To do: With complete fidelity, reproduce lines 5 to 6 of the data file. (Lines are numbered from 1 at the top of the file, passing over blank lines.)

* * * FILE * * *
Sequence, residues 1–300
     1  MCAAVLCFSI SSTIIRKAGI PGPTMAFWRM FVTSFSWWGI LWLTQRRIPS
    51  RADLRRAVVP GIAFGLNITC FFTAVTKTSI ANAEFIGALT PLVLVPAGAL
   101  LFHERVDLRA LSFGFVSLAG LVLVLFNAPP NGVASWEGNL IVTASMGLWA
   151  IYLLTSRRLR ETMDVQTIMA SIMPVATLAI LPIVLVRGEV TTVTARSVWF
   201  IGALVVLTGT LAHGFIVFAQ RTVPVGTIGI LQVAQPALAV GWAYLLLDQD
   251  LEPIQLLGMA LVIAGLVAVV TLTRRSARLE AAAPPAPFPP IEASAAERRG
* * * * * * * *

   151  IYLLTSRRLR ETMDVQTIMA SIMPVATLAI LPIVLVRGEV TTVTARSVWF
   201  IGALVVLTGT LAHGFIVFAQ RTVPVGTIGI LQVAQPALAV GWAYLLLDQD